News Release

August 10, 2006

Contact: Maureen McGuire, 860-679-4523

Study Shows Investigational Hormone Therapy Significantly Reduces Blood Pressure in Post-Menopausal Women with Hypertension

UConn Expert and Lead Author Says Data are Compelling

Farmington, Conn. – A new study published in the journal Hypertension demonstrates that an investigational hormone replacement therapy significantly reduced both systolic and diastolic blood pressure in post-menopausal women with mild to moderate (stages 1 or 2) hypertension.

“The results of this study are compelling as they suggest that a hormone replacement therapy combining drospirenone and estradiol can provide significant blood pressure lowering benefits in symptomatic post-menopausal women with hypertension,” said the lead investigator of the study, William B. White, M.D., professor and hypertension specialist at the Pat and Jim Calhoun Cardiology Center at the University of Connecticut Health Center.

The study examined investigational dosages of the hormone replacement therapy drospirenone (DRSP)/estradiol (ANGELIQ), which included 1, 2, or 3 mg of drospirenone and 1 mg of estradiol. The reductions in blood pressure were dose-related to drospirenone – a progestin with the unique ability to block a steroid hormone in the body (aldosterone) linked to the development of cardiovascular disease. The 2 mg dose was found to be the lowest effective dose for reducing blood pressure in these women.

“It is important that we further our understanding of the potential role this hormone replacement therapy can play in a woman’s overall management of the disease, as this population of women is at increased risk for hypertension,” Dr. White added.

Study Results
A total of 750 post-menopausal women ages 45 to 75 were randomized to one of five eight-week daily treatment regimens: drospirenone (1, 2, or 3 mg) combined with estradiol, estradiol alone, or placebo. The most significant decreases in 24-hour systolic pressure were observed at doses of 2 and 3 mg of drospirenone combined with estradiol. There were no significant increases from baseline in serum potassium in any of the treatment groups. The incidence of adverse events was low and similar across treatment arms.

“Previous studies using 3 mg of drosperinone have established this progestin’s unique properties, but have lacked dose-ranging data specifically looking at its blood-pressure lowering effect,” Dr. White said. “Our study was a rigorously designed trial that used the gold standard for blood pressure monitoring, including 24-hour ambulatory blood pressure monitoring. This allowed us to track the extent and duration of the dose-response relationship for drospirenone as it pertains to blood pressure.”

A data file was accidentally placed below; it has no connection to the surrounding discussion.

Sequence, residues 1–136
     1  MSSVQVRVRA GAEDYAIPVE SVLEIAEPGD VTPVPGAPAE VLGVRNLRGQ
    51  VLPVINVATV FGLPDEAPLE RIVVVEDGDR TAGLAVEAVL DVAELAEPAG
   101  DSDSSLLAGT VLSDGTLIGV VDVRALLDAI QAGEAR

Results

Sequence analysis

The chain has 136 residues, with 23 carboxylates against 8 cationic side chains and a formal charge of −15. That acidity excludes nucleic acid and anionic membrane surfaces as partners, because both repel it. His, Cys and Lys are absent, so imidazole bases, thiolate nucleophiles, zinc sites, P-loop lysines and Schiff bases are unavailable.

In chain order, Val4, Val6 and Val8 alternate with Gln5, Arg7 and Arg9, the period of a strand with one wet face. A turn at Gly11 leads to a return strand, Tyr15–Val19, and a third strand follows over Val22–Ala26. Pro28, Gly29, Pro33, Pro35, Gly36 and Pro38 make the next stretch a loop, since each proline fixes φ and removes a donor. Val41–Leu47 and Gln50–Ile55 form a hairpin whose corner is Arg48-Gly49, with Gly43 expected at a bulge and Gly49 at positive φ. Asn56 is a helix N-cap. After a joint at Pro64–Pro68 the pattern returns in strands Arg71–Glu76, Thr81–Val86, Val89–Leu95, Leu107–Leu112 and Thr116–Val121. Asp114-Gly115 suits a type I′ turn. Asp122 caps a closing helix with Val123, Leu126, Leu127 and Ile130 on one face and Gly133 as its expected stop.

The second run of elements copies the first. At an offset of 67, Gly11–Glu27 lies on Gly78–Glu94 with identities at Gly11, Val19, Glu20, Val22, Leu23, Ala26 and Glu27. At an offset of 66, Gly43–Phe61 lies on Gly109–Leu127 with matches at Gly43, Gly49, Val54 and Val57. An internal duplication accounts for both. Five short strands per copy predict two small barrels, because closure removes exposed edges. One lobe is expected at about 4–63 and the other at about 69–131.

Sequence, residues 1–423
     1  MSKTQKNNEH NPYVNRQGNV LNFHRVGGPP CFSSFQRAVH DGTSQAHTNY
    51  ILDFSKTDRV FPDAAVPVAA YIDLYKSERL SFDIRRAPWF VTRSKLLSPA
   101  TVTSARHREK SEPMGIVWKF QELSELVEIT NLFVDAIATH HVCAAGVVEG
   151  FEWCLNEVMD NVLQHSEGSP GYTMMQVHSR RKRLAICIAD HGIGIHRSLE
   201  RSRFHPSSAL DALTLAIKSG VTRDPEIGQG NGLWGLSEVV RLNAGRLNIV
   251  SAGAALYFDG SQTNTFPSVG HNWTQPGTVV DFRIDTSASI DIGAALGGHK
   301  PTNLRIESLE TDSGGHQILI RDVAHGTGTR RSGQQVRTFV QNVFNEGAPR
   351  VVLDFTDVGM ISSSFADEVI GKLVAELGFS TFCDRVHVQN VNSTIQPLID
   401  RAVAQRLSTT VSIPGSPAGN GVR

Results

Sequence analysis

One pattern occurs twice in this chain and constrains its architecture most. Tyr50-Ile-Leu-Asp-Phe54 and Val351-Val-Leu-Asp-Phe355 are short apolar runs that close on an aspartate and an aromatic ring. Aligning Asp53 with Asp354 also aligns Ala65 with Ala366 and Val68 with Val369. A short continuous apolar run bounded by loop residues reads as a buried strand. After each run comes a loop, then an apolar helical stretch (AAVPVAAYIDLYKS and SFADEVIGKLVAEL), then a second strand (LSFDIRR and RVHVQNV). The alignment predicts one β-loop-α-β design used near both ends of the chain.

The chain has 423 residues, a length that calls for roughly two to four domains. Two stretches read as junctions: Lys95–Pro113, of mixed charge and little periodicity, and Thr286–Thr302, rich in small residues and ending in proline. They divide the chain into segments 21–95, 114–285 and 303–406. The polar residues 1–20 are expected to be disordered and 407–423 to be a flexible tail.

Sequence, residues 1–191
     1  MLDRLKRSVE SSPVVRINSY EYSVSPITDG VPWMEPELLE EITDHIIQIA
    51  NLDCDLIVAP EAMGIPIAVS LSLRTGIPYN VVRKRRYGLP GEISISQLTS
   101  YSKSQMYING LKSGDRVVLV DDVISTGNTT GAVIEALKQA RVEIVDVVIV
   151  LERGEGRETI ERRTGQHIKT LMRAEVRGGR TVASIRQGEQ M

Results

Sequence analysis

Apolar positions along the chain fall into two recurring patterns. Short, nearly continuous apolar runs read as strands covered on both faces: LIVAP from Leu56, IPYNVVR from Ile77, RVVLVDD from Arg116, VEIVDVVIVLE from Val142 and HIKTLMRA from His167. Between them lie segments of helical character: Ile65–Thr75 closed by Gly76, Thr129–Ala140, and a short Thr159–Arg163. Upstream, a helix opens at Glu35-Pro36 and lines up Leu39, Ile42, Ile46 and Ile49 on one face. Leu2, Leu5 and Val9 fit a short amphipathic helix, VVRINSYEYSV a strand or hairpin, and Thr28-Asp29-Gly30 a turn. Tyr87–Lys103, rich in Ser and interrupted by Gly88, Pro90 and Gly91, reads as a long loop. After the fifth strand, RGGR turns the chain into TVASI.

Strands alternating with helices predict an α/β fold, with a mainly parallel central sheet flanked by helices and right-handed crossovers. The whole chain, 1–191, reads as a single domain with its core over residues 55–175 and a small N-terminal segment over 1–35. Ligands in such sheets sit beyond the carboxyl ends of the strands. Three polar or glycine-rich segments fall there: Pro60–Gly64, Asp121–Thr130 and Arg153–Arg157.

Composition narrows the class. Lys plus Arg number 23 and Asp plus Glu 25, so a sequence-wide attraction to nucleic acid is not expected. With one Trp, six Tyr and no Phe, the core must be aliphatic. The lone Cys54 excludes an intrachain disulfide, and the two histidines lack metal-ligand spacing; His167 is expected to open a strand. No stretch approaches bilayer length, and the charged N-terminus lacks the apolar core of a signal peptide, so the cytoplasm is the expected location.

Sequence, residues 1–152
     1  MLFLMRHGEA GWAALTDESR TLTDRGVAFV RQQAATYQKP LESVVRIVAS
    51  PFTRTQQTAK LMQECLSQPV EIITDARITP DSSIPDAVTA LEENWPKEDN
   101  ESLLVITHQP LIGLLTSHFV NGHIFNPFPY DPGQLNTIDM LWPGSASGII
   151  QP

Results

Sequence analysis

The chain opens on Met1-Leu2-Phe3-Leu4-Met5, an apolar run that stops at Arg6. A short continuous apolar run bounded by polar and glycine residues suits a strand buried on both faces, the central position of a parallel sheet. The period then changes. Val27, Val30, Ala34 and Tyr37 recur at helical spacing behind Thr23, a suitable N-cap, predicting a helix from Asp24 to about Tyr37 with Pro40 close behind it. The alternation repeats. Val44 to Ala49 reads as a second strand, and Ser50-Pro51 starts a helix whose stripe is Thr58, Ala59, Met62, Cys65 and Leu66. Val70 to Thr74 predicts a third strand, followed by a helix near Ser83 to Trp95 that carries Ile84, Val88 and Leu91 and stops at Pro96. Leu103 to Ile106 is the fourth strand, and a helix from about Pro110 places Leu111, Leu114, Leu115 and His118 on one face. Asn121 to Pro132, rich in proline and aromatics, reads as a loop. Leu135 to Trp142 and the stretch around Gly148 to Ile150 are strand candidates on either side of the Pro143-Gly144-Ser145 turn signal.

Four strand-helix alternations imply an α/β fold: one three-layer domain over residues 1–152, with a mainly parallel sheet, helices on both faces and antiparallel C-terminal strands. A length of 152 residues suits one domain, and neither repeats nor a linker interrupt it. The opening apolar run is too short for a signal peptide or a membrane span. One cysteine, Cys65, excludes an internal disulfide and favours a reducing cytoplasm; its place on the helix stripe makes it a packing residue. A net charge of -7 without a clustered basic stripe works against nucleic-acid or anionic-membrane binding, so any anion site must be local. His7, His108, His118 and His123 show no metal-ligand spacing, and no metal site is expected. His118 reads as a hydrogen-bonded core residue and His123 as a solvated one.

Unlike other progestins, drospirenone is an analogue of spironolactone that exhibits anti-mineralocorticoid and anti-androgenic properties. Having anti-aldosterone activity, drospirenone may reduce excess water and sodium retention while maintaining potassium, or counter the water retention that is sometimes caused by estrogen intake. Blocking the effects of aldosterone leads to the antihypertensive properties of drospirenone.

The study was supported by Berlex, Inc., which currently markets ANGELIQ – a hormone replacement therapy that combines 0.5 mg drospirenone and 1 mg estradiol and is used to treat moderate-to-severe vasomoter and vaginal atrophy symptoms associated with menopause. The currently approved dose of ANGELIQ has not been shown to reduce blood pressure.

About Hypertension
Hypertension significantly increases the risk of cardiovascular disease and death in both men and women. The prevalence of hypertension increases with age, and women survive to older ages than men. According to the American Heart Association, heart disease is the number one killer of women in the U.S.

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